Ari Aster liked Utah for the film because he thought its mountains are beautiful and breathtaking, but also menacing and ominous. See more »
In the parking lot when Annie meets Joanie for the first time, during their interaction, the front passenger-side head rest is curiously missing from her Volvo. When she is next shown driving, after leaving her first seance at Joanie's, she hears her deceased daughter's mouth click as if from the back of the car, we see the front passenger-side headrest is back in place. See more »
This is a bit of an old fashioned horror movie. Something that plays as a dramatic movie first and then slowly becomes something else. Like "Rosemary" or "Exorcist" but without the high profile clout of those directors. This is two hours of an exploration of family tragedy and grief through characters struggling to cope.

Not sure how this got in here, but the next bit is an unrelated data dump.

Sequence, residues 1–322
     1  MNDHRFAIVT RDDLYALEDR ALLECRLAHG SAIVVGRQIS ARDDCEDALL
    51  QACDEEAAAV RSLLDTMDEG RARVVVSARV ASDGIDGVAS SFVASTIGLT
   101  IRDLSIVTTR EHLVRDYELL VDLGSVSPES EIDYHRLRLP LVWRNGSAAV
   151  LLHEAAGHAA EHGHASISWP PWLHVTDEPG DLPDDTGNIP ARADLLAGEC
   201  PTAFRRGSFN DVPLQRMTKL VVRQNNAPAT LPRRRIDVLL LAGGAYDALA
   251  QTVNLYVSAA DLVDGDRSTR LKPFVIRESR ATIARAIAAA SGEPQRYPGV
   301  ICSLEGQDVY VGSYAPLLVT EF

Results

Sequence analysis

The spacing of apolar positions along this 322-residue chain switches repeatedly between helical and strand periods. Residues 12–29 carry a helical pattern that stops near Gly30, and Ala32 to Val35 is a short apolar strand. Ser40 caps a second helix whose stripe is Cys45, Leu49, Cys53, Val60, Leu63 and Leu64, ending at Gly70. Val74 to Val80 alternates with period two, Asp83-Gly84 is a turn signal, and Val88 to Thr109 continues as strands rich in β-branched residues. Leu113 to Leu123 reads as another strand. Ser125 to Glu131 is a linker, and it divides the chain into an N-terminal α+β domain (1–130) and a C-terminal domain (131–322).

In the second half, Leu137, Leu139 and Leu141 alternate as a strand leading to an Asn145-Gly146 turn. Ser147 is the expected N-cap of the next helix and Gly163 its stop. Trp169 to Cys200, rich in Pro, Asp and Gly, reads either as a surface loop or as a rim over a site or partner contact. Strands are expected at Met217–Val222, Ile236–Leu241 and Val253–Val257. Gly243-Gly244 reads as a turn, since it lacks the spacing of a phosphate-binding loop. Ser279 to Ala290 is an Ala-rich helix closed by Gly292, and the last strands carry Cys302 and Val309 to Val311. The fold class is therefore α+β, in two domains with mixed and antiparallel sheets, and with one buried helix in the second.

To say much of this film is to ruin it, so lashing praise onto certain aspects of it is the best one can do. Not to say this is a film with a big twist, it isn't. Toni Collette is fantastic as is no surprise at this point in her career. All the performances carry their own, including one I was unsure of at first but grew on me throughout -- Alex Wolff. The cinematography, rhythms and pacing, sense of place and space, and sound design are all superb and work in conjunction to create atmosphere and dread -- like a pit in your stomach that continues to grow and grow throughout.
It turns into a genuine nightmare that absolutely worked for me. See it blind, see it as a movie first and foremost (not as a horror show with jump scares), but just see it.
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